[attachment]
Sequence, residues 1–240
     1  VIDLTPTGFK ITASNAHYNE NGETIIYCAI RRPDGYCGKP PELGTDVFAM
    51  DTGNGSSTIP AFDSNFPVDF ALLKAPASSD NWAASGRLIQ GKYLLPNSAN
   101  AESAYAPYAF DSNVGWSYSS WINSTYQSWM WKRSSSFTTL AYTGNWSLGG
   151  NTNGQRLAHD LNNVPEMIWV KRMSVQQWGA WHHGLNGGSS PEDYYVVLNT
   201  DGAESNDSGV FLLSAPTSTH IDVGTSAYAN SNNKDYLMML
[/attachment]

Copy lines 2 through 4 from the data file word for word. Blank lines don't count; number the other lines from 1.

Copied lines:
     1  VIDLTPTGFK ITASNAHYNE NGETIIYCAI RRPDGYCGKP PELGTDVFAM
    51  DTGNGSSTIP AFDSNFPVDF ALLKAPASSD NWAASGRLIQ GKYLLPNSAN
   101  AESAYAPYAF DSNVGWSYSS WINSTYQSWM WKRSSSFTTL AYTGNWSLGG